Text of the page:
Lighting on the Fly

Lighting is like music.  Everyone has their own tastes and styles.  There is no right or wrong about lighting, that is of course, unless you create an unusable image.  Anything goes and who is to say that it’s not right?  It’s all a matter of taste.

There were times that lighting had to be a certain style or it was considered wrong.  For instance, back in the 50’s or 60’s, if it didn’t look like “Rembrandt”  lighting, the photographer wasn’t considered as being accomplished.  The main reason is that by understanding that type of lighting one had to understand direction, form, shape and so on.  Today, because of many influences, paparazzi, improvements of on-camera flash technology, no one remembers Rembrandt, etc. there is a wide range of lighting that is acceptable.


Studio styles have changed dramatically as well, mostly because of the fashion business.  The fashion business had it’s roots in Hollywood where all of the photographers were trying to outdo themselves to make a name for themselves as they shot famous celebrities.  Of course, they were limited to black and white and were forced to be “creative” setting themselves apart from other photographers.

The trends in the fashion world today have followed suite with the paparazzi or vice versa. It is usually shot with little shadows on the face except for a bit around the nose and under the chin and are somewhat monotone in color.  This is a generalization so don’t get your panties in a wad.  I’m not judging this technique because there are merits to this type of lighting.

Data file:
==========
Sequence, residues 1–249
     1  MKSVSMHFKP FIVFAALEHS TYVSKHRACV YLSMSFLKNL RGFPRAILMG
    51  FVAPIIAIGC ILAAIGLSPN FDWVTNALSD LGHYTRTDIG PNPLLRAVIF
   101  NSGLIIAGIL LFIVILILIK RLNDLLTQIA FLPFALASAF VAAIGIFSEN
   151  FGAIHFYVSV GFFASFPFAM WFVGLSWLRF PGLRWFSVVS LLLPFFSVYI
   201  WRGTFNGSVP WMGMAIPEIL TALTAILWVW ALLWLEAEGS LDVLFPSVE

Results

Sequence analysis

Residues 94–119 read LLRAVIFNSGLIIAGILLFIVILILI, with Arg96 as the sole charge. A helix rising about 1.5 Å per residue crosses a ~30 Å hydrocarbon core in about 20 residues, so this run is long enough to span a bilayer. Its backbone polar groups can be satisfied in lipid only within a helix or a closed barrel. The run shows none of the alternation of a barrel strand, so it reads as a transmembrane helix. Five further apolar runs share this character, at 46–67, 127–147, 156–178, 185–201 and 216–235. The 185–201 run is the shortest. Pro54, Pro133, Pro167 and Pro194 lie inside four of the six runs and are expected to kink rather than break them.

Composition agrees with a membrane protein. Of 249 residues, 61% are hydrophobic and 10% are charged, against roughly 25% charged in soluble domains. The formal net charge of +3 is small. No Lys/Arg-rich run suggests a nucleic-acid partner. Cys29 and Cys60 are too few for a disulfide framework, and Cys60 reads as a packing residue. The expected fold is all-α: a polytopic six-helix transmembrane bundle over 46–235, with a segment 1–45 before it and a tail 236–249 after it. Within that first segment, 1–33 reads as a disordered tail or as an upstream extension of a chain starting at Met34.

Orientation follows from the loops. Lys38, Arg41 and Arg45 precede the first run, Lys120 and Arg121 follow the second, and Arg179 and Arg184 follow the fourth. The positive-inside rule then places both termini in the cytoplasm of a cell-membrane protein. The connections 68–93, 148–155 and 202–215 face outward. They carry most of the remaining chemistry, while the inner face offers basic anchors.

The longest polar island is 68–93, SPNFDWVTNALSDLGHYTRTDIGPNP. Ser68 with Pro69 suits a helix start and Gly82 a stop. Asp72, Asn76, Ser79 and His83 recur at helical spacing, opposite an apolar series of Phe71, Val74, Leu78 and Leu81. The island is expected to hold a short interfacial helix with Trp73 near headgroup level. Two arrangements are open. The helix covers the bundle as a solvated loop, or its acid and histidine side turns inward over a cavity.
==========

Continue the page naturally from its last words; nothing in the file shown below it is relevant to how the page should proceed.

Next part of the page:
Basically, what I’m saying is that today, anything goes!  A photographer is free to interpret a scene any way they wish without being discredited for their judgement.

Because of this, there are a myriad of possibilities.a photographer has to think of while interpreting a scene.  In a studio, time can be taken to try different techniques with the controlled space of the studio.  Sometimes, photographers have to shoot “on the fly” so to speak and don’t have the luxury of considering all the possibilities.  Sometimes, these occasions can’t be shot with on-camera flash but with strobe lighting.

Faced with this type of situation, it pays to resort to something that works for you and to stick to it.  It’s hard enough looking for the spot to shoot the next shot, being aware of future shots, dealing with the subjects, placing the subjects, and of course, all of the technical things one has to consider when shooting with lighting.

For me, my “tried and true” rule of thumb it to shoot with volume to the camera.  In other words, place the lighting so there is shadow towards the lens.  This adds volume to the subject matter and adds drama to the scene. If you look at the photo representing this blog, you will see that the lighting is behind and to the left of the camera. This creates shadow towards the camera which adds depth to the image.  Had I brought the strobe above the camera, for example, the scene would have been rendered shadowless.  It would have looked flat.

I consider this “rule of thumb” whenever I shoot no matter what.  If I can’t apply this rule I go for my next choice.  That’s another blog.

Happy Shooting!

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